VERNON TOWNSHIP — Masks were not on the agenda, but they were on the minds of several parents who attended the Crawford Central School Board meeting Monday, as was the first Saturday in December.

That’s the day — Dec. 4 — when the mask mandate for Pennsylvania schools will end, according to a ruling last week in a suit challenging the mask order by Acting State Health Secretary Alison Beam that went into effect Sept. 7.

“I really hope that Dec. 4 we can get past these face coverings, that we can opt out as parents,” said Tawnya Shaffer, whose two sons attend First District Elementary.

Shaffer repeated several of the same pleas that board members have heard consistently since their Sept. 20 meeting, the first held after the mandate was announced. Her boys have lost recess time as a result of problems wearing their masks, she said, and have complained of difficulty breathing and mask-induced headaches. She also questioned the effectiveness of masks worn by young children who are likely to touch their faces and have a hard time keeping their hands clean.

“These masks are disgusting, basically,” said Shaffer, who did not wear a mask at the meeting, before she addressed future concerns raised by the mask mandate and the way in which it was implemented. “Heaven forbid that they push this vaccine on our children because there isn’t enough, as far as I’m concerned, to see if it’s beneficial, if it’s deadly. We need to take a stand, and this is just beyond ridiculous. If you can’t see it, government is trying to control our lives.”

A sign posted at the entrance to the Instructional Support Center where the meeting was held reminded visitors of the district’s mask requirement. All of the board members and district staff who attended the meeting were masked. Of the 17 audience members present for most of the meeting, less than half wore masks.

On Nov. 10, the Commonwealth Court ruled 4-1 in favor of a challenge to the mask mandate, but that ruling was immediately appealed with an automatic stay keeping the mandate in place temporarily. But a week ago, Commonwealth Court Judge Christine Fizzano Cannon reversed the stay. In her response to a request from the plaintiffs in the case, Cannon said that the group, which includes parents, legislators and private school officials, is likely to prevail on appeal. Cannon also said that if a mask mandate is necessary, Beam has other means of imposing one.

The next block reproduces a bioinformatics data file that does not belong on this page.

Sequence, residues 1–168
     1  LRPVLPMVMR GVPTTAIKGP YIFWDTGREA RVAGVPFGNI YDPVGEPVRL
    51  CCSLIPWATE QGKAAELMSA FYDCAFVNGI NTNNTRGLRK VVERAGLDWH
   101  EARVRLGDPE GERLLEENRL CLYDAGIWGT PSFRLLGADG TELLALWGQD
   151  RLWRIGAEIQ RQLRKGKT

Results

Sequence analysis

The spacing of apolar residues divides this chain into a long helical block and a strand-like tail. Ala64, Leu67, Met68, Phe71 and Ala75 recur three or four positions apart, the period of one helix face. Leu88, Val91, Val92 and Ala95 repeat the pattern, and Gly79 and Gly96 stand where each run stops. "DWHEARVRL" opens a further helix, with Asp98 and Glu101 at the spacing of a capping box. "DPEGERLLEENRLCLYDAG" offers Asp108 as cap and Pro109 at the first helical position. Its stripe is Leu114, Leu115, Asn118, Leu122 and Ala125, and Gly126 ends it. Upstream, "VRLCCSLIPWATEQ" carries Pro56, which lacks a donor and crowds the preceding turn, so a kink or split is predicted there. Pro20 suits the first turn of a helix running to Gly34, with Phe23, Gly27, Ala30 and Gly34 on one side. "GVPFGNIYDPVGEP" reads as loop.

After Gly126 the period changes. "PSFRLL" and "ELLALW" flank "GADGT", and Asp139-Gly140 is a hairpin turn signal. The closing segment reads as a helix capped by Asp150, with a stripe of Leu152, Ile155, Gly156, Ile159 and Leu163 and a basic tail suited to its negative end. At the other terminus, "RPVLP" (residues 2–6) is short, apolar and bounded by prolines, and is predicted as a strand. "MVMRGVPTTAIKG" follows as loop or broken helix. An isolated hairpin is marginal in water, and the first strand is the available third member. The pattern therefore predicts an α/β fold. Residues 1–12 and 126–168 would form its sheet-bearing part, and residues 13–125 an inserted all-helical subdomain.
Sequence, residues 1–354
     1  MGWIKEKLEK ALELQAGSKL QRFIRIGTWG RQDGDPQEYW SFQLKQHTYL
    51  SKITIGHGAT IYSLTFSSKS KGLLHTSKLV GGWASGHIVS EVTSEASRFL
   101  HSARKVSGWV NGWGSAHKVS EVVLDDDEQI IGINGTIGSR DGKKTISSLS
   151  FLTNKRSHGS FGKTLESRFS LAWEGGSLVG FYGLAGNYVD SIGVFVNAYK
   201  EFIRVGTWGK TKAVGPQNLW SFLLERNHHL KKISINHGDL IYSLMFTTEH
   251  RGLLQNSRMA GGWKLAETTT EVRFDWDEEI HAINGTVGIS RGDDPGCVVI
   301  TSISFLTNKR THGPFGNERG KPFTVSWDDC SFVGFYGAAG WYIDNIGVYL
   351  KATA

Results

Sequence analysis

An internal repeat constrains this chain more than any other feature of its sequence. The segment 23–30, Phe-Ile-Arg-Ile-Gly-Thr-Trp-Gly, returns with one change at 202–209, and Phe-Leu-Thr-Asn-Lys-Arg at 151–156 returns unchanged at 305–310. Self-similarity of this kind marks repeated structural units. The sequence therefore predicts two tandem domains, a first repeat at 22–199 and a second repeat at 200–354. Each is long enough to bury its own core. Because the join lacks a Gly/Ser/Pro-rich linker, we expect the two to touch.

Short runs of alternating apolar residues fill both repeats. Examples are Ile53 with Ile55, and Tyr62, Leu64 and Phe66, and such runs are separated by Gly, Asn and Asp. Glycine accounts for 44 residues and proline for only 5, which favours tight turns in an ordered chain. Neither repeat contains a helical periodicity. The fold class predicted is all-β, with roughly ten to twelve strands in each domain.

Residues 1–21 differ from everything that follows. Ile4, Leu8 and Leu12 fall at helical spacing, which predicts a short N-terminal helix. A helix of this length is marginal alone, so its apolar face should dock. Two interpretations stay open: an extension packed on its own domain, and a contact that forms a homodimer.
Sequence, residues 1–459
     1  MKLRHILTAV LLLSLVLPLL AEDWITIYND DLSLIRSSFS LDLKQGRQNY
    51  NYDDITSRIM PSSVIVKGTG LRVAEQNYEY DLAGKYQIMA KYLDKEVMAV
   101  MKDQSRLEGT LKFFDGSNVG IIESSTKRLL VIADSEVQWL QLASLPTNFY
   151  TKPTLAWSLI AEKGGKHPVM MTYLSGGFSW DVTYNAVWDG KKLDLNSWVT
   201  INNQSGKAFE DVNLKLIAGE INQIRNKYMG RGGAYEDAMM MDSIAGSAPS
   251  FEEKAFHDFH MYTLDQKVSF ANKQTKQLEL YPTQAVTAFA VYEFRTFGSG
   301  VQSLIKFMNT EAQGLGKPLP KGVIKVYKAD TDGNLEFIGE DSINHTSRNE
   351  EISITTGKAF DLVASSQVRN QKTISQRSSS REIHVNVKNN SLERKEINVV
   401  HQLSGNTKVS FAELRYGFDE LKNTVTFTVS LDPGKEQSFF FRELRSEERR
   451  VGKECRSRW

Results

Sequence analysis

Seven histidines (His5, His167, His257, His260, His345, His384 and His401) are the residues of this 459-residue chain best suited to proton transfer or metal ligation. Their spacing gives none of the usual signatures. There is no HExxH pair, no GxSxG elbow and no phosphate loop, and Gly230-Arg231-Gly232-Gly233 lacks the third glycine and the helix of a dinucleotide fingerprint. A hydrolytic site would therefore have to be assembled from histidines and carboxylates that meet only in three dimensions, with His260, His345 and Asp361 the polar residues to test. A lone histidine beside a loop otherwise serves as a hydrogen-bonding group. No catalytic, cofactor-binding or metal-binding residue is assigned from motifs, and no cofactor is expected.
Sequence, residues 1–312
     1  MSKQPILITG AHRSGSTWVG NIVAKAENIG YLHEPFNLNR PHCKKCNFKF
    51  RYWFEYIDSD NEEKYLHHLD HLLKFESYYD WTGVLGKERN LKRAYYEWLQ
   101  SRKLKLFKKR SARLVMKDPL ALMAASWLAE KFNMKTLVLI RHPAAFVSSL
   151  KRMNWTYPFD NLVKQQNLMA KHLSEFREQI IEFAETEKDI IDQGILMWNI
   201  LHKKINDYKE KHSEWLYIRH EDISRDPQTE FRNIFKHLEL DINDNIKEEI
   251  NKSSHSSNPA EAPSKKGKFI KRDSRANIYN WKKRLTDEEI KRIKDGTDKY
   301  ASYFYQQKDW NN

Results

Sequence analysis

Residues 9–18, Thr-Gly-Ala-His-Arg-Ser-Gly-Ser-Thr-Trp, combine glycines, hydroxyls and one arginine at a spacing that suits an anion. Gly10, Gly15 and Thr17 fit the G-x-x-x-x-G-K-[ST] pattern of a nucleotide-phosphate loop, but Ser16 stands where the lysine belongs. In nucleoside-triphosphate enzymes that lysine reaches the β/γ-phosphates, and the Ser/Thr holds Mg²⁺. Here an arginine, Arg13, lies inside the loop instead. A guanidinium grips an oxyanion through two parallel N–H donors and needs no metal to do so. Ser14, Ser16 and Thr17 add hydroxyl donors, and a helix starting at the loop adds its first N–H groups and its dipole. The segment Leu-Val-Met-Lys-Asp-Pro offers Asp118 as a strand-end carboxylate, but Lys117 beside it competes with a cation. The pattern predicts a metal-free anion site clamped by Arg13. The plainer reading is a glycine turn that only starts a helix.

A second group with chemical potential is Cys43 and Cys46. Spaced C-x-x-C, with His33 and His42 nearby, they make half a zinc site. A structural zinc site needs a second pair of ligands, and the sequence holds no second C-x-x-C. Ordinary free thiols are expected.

While Shaffer, who drew a lengthy round of applause from audience members, was addressing the board for the first time, she was followed by three more district members who have been consistent critics of the mask mandate. Like Shaffer, all three waited for the public comment period that concludes the meeting and echoed her call for the district to make masks optional after Dec. 4.

One of them, Jessica McMaster of Cochranton, said that like Shaffer’s children, her first grader lost recess time when he refused to pull his mask up one day.

“He told (a staff member) he was having a hard time breathing and needed a break,” McMaster said. “She disciplined him and took away his recess. Now, a first grade little kid needs recess.”

In responding to the mask critics, board member Paula Jo Harakal welcomed their participation in the meeting but also cautioned that they are “but a few” of the voters in the district.

“The public at large does not always agree with us,” Harakal said, “and it does not always agree with you. We do our best in concern for children.”

Mike Crowley can be reached at (814) 724-6370 or by email at

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